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Features May 2007: Volume 4, Number 2

By Sarah Alaoui, Sixth '12

In the late '70s, a group of students formed Student Organization for Alternative Productions (SOAP) and brought Dartmouth's legendary Fogcutter cocktail to campus.

"It's great," said Chancellor William McElroy in the Triton Times (January 30, 1978). "If I weren't so busy I'd come back for seconds."

Kamikaze headbands are strewn amid the debris of red cups and empty bottles. Young males and females lie sleeping in the half light of dawn—testaments to the previous night's indulgences. The Japanese headbands were made from Revelle College bed sheets silk-screened with Japanese phrases. And the cups and bottles? It wasn't Evian water. On any given weekend in the late '70s, before campus alcohol regulations were tightened, these bacchanalian bashes were not an uncommon sight. They usually happened near Mandeville Center or in front of Center Library, and provided a lively gathering place on a young campus—a reaction to a social scene that until then had been mostly devoid of energy.

Because UC San Diego was still a young university, there were only two sororities and no fraternities or student groups to energize campus social life. Many male students at the time headed over to San Diego State to take advantage of the fraternity parties there.

Faced with this stagnant campus social life, Chris Arrott, '80, Joe Formusa, '79, and Carlos Montalvo, '81, all Revelle resident advisors, decided to take matters into their own hands. They joined forces and formed AMF (Arrott, Montalvo, Formusa) Productions in the fall of 1977. Although they started it as an RA project, screening movies to raise money for dorm supplies and equipment, AMF quickly evolved into a generator of social activities for the whole campus.

"We were really raking in the dough by showing movies like the Rocky Horror Picture Show and James Bond flicks, so we decided to become an official student organization," says Arrott.

While watching the sitcom Soap in his dorm room one night, Arrott mulled over how the letters could be used for AMF, their own organization. Soon after, the Student Organization for Alternative Productions (SOAP) was born and approved by the Associated Students with an official 13-article constitution. They also chose an adviser, Hans Teuchert, acting assistant resident dean, to maneuver them through the University's rules and regulations. Over the next four years, Arrott, Montalvo, Formusa and their fellow SOAP brothers planned a series of impressive, themed fêtes and on-campus events. Perhaps their most celebrated were their famous Fogcutter parties that revolved around one particularly potent drink. These parties were generally lauded for successfully bringing a sense of community and college spirit to the young campus.

"We didn't need to go anywhere else. The parties were that good," says SOAP member, Kevin Elliott, Muir '80, who now works in finance.

Before SOAP was officially approved by AS, the first Fogcutter party was held. Montalvo had completed an exchange program at Dartmouth College and returned to UCSD with stories to tell and a gift to share—a special, age-old Fogcutter drink recipe given to him by the Bones Gate Fraternity. On April 8, 1978, at 8 p.m., the ancient concoction was inaugurated at Scripps Surfside, a small cottage with a beach deck that belonged to the University. Though not all of the ingredients can accurately be divulged because of adaptations over the years, the base of the drink is mostly vodka, bourbon, scotch, gin and sweet vermouth drowned out with various concentrated fruit juices. The mixture was stirred in a clean, plastic garbage can with a hockey stick and then a lit Marlboro cigarette was thrown in. After the ingredients were fully mixed, someone would be given the honor of chugging the first 14-ounce container of Fogcutter. In the SOAP handbook, a copy of the recipe is preserved with the words: "Chug…and you too can hold a conference with the Ayatollah Khomeini." Partygoers had their foreheads stamped with a ship and the word "Shipped" for each drink they were able to down—the design was inspired by the Cutty Sark whiskey logo. Anyone who was able to consume at least three cups was rewarded with a kamikaze headband.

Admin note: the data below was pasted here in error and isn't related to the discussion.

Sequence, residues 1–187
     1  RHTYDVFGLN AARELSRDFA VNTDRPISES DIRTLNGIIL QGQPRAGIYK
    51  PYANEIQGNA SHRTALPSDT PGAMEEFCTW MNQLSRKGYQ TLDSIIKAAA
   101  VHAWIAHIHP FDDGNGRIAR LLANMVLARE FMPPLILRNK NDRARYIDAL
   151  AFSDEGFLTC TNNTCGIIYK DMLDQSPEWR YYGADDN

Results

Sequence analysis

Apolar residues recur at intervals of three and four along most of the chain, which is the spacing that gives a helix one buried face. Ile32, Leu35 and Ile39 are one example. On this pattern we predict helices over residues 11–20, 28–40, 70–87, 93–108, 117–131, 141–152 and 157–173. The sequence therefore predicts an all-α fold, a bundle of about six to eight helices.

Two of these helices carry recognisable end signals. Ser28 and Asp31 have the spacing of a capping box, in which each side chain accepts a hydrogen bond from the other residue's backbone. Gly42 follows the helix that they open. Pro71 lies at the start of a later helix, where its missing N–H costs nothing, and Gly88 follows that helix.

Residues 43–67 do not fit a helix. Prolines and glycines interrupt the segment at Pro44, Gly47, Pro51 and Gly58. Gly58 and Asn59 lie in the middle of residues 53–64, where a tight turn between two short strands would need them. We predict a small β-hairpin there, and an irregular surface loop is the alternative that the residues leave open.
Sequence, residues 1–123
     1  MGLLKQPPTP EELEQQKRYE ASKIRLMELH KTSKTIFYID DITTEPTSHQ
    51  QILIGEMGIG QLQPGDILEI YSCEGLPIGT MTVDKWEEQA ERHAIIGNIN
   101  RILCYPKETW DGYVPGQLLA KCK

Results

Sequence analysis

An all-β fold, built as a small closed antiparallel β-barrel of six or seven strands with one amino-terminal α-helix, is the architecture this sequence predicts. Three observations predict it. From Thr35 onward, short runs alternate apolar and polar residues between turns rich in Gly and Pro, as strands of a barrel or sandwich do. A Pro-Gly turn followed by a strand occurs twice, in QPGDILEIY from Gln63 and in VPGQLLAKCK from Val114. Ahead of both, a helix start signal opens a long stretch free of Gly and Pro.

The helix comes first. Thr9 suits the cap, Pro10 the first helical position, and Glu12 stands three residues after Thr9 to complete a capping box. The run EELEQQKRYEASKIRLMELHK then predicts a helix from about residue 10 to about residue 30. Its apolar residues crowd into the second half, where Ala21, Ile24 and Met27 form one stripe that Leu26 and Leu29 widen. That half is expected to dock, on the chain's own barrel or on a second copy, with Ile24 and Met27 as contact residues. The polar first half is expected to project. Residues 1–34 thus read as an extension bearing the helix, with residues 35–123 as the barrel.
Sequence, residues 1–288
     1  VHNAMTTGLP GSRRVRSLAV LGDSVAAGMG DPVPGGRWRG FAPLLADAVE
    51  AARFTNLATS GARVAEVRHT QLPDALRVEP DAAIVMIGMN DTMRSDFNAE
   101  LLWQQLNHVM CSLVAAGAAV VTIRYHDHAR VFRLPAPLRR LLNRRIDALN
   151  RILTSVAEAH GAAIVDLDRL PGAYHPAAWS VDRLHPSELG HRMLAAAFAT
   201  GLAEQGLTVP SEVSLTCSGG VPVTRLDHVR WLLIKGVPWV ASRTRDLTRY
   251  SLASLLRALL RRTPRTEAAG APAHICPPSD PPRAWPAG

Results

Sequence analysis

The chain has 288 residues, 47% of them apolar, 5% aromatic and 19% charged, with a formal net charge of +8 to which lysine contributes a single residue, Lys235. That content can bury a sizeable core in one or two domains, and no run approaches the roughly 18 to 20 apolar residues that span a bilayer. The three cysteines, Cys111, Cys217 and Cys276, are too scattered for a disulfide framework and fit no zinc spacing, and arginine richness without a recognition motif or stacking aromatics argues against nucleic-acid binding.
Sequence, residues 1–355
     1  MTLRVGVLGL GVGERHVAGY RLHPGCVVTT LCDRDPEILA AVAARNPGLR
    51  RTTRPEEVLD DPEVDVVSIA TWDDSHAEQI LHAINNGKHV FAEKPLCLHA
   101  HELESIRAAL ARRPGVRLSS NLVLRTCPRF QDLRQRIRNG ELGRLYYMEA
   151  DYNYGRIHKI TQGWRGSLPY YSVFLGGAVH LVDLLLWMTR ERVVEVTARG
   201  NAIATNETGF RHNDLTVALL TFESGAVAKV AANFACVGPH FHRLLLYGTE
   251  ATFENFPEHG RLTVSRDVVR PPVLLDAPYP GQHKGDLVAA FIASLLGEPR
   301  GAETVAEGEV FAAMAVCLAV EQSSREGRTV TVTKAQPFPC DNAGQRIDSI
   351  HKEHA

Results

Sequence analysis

"This was the most creative group of guys that you could ever imagine," says David Depolo, Revelle '81, now a lawyer, and the very first member to join SOAP.

Though the Fogcutter drink, and traditions that stemmed from it, were a highlight of the SOAP productions, there was more to the group. With close to 50 members, they were one of the largest organizations on campus, and so they also manned polling booths during AS elections. They sent a few members to each polling booth in Muir, Revelle, Third and Fourth colleges, and also one near the library. They were paid for their time and the money was of course used to plan more extravagant parties. One of the most memorable took place on Halloween 1978. SOAP prepared one punch with heavy doses of red food coloring so that the next morning, partygoers displayed bright red tongues as mementoes. And those wearing white togas were open to teasing about red fingerprints left as souvenirs of the night's amours.

The SMASH Party in the fall of 1979 was another favorite. Fashioned after the popular TV series, M*A*S*H, the event was held at the Coffee Hut and featured a live, 10-piece swing band from Los Angeles. The coffee shop was turned into the 4077th MASH, the Korean surgical unit shown in the program.